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Probably starting with Holland in the 70s, many nations have embarked on national soccer strategies. These strategies typically include:

  • An overarching philosophy of how the game should be played. It has included possession soccer, counterattack soccer, prescribed tactics, player decision-making, certain systems of play, or a balanced approaches between skills, tactics, physical fitness, or mental training.  Ultimately it is driven by how the governing body envisions the national teams (now from U15 to adult) to play, and play consistently. Regardless of a particular country’s vision, having one is a better than having none.
  • A player development path starting with toddlers all the way to professionals. This typically includes development targets at various age levels. It addresses when and how skills should be developed, when tactics are introduced, when is full field 11 a side started, etc.
  • A coach development program to ensure that coaches understand the vision and are training their players and teams in accordance with the vision and player development path.
  • Professional club academies to ensure the best talents are honed and prepared for professional and national team play.

All of this has yielded positive results at youth tournaments and adult tournaments for some countries, and not for others. Germany, Spain, and Iceland are examples of success. Holland, the pioneer of national strategies, has struggled recently.

Up to the professional team level these national strategies work extremely well. Consistent player development at local clubs, regional select teams, and youth national teams ensures that players understand the requirements and are able to seemingly migrate to more competitive environments.

But once they enter the professional team academies, things may change. Now the club philosophy, which is based on competitive success and making money, takes over. It is dictated by technical directors and head coaches. These leadership positions, particularly head coaches, are quite often occupied by individuals from different countries. They have grown up in a system that could be quite different from that in the country they coach in. They may struggle with local players and often look to retrain them to comply with their vision. That is difficult. Or they buy players from their nations to have players that understand them better. This leads to a mix of players with totally different training and game philosophy backgrounds. I believe this is why some excellent players from one nation can’t get any traction under certain coaches at the club level.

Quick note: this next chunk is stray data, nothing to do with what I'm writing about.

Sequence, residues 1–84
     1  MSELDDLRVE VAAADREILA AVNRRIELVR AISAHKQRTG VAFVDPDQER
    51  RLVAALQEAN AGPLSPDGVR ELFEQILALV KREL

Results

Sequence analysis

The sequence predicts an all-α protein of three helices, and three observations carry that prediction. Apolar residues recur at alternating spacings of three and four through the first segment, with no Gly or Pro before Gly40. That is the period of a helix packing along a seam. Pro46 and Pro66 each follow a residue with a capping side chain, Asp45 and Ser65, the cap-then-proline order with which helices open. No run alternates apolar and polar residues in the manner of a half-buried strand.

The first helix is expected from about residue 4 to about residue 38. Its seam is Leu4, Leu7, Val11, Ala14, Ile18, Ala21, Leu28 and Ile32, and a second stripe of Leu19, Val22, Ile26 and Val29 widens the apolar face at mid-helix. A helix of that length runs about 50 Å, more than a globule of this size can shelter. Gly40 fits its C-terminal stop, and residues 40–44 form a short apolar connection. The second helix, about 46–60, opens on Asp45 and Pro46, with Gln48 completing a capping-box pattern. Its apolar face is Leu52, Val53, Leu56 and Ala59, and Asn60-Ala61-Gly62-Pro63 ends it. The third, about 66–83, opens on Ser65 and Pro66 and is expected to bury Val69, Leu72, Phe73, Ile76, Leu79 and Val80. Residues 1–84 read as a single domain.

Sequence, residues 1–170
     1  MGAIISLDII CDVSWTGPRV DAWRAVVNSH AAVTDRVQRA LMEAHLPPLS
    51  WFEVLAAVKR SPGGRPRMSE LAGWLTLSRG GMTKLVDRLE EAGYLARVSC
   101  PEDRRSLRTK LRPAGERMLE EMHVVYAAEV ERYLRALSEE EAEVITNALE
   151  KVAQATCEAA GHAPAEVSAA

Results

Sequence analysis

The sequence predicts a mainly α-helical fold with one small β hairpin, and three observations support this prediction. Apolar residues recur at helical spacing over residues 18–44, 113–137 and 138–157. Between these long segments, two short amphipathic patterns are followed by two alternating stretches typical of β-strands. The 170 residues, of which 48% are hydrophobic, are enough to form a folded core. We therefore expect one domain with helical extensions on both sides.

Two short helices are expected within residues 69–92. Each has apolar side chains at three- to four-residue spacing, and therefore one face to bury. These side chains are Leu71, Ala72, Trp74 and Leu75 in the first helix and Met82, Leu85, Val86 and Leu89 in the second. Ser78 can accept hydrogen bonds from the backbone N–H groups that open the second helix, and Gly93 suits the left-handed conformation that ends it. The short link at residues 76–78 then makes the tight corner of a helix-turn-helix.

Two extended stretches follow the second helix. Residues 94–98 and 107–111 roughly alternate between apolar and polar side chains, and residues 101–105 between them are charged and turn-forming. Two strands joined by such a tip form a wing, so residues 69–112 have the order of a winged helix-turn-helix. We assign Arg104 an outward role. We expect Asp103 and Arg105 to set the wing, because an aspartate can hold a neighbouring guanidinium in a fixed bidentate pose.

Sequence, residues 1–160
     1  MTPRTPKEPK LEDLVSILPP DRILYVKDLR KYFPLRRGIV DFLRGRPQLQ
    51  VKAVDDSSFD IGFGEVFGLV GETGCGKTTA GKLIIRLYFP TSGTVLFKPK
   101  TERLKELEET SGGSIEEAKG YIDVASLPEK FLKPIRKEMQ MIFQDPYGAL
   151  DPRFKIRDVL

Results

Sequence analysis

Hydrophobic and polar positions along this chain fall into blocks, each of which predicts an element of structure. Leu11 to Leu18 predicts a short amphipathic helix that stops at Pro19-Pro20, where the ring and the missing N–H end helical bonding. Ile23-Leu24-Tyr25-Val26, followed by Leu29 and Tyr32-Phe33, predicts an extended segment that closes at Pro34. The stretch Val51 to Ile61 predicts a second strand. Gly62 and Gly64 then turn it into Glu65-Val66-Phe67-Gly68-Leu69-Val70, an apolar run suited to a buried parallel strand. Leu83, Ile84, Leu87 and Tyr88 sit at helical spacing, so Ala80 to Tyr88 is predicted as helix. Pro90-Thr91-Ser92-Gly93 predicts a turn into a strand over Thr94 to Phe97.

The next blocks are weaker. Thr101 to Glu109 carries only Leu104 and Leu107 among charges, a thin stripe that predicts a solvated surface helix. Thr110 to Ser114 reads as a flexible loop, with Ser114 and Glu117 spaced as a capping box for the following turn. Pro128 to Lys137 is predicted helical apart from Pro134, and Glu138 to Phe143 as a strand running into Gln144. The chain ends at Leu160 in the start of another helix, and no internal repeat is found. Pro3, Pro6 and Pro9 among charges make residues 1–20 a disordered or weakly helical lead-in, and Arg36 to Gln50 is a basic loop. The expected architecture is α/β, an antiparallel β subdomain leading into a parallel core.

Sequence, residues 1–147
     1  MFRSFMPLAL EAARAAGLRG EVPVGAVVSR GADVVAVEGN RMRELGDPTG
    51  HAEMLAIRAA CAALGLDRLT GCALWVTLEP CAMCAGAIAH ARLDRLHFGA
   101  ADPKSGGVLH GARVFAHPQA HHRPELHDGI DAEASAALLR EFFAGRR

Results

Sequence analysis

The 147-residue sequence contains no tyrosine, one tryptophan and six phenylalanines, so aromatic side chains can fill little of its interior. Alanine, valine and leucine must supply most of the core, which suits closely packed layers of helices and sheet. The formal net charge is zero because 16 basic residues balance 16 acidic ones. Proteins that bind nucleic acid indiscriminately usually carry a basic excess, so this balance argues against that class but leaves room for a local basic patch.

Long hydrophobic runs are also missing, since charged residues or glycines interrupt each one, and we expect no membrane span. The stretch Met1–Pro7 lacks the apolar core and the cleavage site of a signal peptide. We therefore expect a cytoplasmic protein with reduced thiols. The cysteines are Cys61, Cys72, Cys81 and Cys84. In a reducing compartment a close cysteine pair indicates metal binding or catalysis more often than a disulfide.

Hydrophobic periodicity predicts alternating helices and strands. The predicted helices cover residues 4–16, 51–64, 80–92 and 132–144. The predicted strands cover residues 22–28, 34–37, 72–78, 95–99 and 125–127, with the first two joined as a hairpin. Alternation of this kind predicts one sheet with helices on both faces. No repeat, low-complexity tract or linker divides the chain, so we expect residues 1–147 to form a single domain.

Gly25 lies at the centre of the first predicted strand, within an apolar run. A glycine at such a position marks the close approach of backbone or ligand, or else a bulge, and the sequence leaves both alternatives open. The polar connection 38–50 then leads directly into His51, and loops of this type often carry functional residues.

National teams may also face a challenge. They are made up of players who grew up in the national system and understand the philosophy. But then they play on club teams and get retrained only to come to the national team and be expected to play what they learned in the first place. This is likely why some national teams (often with foreign coaches) struggle, even though they have excellent talent.

So what is the solution?

Having national programs of player, coach, and national team development is good and cannot be changed.

Pro clubs may need to rethink their strategies. Do I buy the best coaches and players and hope that they will retrain themselves to align with the club philosophy? Or do I

  • align my club program with the national strategy
  • hire coaches and technical directors that understand the national strategy
  • focus on local national talent
  • add select import talent who is intelligent and able to adapt their entire youth training to a new strategy quickly.

When you look at star-studded teams fail and “average” teams succeed, look behind the curtain at their strategies.

For national teams, coaches have to stay true to the nation’s vision and systems. They must rely on, or quickly retrain, their players’ ability to remember what they learned, regardless of how they are coached at the club level.